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Becerra calls on Hispanic Americans to sign up for ACA

Health and Human Services (HHS) Secretary Xavier BecerraXavier BecerraHHS, HUD team up to extend COVID-19 vaccine access in vulnerable communities We urgently need a COVID-level response to the US drug crisis FDA unveils plan to ban menthol cigarettes, flavored cigars MORE called on Hispanic Americans to sign up for medical insurance under the Affordable Care Act (ACA) in order to take advantage of a special enrollment period and low premiums.

In a call with reporters Wednesday, Becerra said his department's top priority is "helping the community take advantage of reduced costs on health care."

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Hispanic Americans are disproportionately uninsured — about one-fifth of the population in the U.S. lack medical coverage, which is about two-and-a-half times the uninsured rate of white Americans.

The health care effects of the pandemic have also disproportionately hit Hispanic Americans, particularly Hispanic families.

According to Janet Murguía, president of UnidosUS, the country's largest Hispanic civil rights organization, uninsured rates for Hispanic children went up 9.2 percent in 2019, the largest increase in any racial or ethnic group.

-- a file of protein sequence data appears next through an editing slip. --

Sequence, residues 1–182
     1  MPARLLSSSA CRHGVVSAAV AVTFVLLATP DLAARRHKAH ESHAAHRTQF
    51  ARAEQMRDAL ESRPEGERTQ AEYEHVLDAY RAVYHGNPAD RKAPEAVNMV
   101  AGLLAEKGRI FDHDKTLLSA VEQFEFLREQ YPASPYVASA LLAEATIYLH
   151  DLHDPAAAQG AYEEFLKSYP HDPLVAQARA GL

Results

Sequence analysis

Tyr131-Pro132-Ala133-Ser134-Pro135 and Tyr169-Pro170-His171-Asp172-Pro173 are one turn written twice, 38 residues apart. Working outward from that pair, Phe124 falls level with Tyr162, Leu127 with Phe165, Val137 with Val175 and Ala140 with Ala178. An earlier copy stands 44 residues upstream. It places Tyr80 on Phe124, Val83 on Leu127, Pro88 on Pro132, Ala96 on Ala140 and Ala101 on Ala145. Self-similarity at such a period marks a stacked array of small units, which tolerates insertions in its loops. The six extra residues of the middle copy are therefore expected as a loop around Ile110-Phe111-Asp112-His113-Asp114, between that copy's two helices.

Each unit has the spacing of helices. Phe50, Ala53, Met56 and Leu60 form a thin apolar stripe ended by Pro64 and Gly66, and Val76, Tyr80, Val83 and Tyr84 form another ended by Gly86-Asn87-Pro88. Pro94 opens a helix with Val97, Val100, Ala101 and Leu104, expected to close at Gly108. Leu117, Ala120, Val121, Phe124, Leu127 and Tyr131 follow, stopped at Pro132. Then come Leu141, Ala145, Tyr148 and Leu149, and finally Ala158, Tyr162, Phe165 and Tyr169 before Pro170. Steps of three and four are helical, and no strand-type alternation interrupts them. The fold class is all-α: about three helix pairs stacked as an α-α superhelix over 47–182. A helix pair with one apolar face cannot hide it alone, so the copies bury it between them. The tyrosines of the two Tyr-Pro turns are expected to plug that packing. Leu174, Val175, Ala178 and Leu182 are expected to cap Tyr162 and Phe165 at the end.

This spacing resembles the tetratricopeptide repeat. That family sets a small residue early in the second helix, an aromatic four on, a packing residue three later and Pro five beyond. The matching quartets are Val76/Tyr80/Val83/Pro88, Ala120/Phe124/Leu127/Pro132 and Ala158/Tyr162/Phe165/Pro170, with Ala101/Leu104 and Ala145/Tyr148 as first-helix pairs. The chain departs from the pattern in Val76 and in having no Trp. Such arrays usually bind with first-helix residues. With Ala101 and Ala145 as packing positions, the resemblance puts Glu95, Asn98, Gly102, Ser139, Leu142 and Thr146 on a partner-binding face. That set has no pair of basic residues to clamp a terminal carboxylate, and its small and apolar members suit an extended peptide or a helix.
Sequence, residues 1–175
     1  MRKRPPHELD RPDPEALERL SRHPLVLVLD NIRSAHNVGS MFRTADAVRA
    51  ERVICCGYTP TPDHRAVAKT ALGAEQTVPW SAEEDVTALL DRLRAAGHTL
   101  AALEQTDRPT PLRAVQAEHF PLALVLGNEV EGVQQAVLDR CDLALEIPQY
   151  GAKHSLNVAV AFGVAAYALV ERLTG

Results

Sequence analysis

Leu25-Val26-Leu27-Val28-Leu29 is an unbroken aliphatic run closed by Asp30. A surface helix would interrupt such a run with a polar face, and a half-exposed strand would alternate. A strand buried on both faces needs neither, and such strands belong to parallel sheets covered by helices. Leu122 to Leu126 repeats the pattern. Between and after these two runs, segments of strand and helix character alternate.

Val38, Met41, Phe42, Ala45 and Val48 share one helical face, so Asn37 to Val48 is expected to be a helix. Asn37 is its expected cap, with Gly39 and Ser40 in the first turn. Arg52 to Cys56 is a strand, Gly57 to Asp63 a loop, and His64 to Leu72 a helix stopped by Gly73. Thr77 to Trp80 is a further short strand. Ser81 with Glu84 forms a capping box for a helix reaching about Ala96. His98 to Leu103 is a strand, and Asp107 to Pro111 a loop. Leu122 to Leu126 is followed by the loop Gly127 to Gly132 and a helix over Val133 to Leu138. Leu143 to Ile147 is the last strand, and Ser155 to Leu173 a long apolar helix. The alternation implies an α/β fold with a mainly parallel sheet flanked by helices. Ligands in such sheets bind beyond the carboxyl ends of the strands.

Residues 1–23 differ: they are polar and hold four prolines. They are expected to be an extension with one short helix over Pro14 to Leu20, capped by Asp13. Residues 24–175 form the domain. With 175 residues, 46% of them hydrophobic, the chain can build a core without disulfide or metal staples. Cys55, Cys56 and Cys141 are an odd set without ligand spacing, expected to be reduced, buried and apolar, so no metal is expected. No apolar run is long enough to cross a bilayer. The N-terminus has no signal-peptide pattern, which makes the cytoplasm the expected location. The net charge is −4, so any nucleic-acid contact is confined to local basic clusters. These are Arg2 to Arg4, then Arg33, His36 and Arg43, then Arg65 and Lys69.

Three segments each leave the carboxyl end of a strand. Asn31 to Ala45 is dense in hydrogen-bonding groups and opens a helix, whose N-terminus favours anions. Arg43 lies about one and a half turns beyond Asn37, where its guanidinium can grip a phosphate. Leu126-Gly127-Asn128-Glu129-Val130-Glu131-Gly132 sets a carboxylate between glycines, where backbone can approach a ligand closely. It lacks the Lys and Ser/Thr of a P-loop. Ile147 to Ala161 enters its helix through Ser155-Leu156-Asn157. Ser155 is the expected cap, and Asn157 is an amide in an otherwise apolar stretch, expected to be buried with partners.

"While the ACA made tremendous coverage gains for Latinos, covid showed there is a lot of work to be done," said Murguía, who appeared with Becerra Wednesday.

Both Becerra and Murguía called on uninsured Hispanics to go to healthcare.gov or its Spanish-language counterpart, cuidadodesalud.gov, to sign up before August 15.

This time is a special enrollment period opened by the American Rescue Plan signed into law by President BidenJoe BidenCaitlyn Jenner on Hannity touts Trump: 'He was a disruptor' Argentina launches 'Green Mondays' campaign to cut greenhouse gases On The Money: Federal judge vacates CDC's eviction moratorium | Biden says he's open to compromise on corporate tax rate | Treasury unsure of how long it can stave off default without debt limit hike MORE last month.

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According to Becerra, the special enrollment period makes up to 2.6 million Hispanic adults eligible for coverage with a $0 premium, and up to 3 million Hispanic adults eligible for coverage with premiums under $50.

Becerra said the low premiums, available until the August 15 deadline, are a strong incentive, but he recognized a lack of information among many Hispanic communities have resulted in relatively low participation rates.

"A lot of people didn't understand what they had access to in terms of plans and the kind of coverage they could qualify for," said Becerra in Spanish.

"The incentive is that now [health care] will cost them a lot less," he added.